As both a teacher of screenwriting and practicing screenwriting myself, I wonder for whom Screenwriters and Screenwriting will be of most use. Batty says that the text is intended to be not just ‘about practice but […] for practice’ (4), thus implying that part of the book’s intended audience is practicing screenwriters themselves. The chapters certainly contain much of interest to the working screenwriter; however, it was to my teacher of screenwriting self that their content seemed most useful. It struck me that many of the text’s applied ideas and insights, though expressed in a fresh and welcome academic register, discussed practices likely to be already used by experienced screenwriters. To those newer to the form, however, the work practices discussed offer much of value and use. Furthermore, as a collection of essays that gives practicing screenwriters, students of screenwriting, teachers of screenwriting and other screen studies academics a much needed critical and reflective language with which discuss the practice of screenwriting, Screenwriters and Screenwriting speaks to a wide readership.

Screenwriters and Screenwriting: putting practice into context is part of a growing body of literature that regards the screenplay as a valid site for academic discourse. It opens the field by focusing on the hitherto under-theorised region of screenwriting practice, discussing the words on the page, the challenges of working within the industrial demands of film and television production, and ideas of how authorship operates within a cultural product (a film, a television drama) in which the screenwriter is only one among several possible ‘authors’. It highlights the concerns, methods and practices of multiple people working within and theorising screenwriting practice, and is a positive and welcome addition to screenwriting discourse.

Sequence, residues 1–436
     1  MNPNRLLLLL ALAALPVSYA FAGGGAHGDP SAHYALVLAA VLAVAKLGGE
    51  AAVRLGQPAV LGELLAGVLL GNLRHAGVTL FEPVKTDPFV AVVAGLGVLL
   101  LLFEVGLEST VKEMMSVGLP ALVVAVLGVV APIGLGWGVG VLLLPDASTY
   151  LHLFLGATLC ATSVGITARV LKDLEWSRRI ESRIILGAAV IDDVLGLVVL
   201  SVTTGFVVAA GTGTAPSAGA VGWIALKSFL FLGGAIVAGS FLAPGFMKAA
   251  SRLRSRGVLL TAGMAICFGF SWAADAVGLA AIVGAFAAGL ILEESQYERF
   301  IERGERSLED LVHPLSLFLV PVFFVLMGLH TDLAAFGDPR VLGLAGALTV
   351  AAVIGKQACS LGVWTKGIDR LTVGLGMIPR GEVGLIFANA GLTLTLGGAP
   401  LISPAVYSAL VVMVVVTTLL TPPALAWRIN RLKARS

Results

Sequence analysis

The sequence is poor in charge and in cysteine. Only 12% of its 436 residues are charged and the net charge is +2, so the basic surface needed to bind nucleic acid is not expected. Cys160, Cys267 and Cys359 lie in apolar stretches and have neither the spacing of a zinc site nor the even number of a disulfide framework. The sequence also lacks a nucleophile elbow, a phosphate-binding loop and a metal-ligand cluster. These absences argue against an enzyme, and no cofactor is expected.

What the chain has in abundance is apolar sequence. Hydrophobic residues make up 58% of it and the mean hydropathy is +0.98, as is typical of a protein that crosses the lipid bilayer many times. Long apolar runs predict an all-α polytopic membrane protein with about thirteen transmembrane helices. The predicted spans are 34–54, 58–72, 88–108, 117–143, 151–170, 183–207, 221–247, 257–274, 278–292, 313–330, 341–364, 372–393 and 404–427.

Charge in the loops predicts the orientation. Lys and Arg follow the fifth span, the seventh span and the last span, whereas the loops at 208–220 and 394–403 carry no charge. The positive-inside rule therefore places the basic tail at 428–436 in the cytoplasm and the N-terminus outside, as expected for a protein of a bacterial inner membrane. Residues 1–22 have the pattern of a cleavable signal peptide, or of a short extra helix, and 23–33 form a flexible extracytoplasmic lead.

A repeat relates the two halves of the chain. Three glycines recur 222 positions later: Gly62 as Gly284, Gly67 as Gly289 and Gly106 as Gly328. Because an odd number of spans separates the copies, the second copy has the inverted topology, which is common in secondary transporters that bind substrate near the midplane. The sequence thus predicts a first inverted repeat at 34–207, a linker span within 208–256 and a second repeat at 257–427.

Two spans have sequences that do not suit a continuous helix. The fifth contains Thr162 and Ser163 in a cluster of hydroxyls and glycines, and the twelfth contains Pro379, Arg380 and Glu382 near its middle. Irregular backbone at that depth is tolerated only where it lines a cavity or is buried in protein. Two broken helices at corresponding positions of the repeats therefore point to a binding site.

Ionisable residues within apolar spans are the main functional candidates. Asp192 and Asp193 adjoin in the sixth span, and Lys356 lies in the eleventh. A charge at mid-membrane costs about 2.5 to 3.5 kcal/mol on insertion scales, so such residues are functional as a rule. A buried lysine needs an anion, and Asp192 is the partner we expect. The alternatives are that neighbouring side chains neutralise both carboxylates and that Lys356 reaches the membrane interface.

Felicity Packard is a lecturer in Creative Writing in the Faculty of Arts and Design at the University of Canberra. She is also a screenwriter and producer, most recently on the ABC miniseries ANZAC Girls and is one of the creators and writers of the Underbelly television franchise. She is currently undertaking a practice-led PhD on television true crime, genre and the production process.


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Vol 19 No 1 April 2015
General Editor: Nigel Krauth. Editors: Enza Gandolfo & Linda Weste
Reviews Editor: Ross Watkins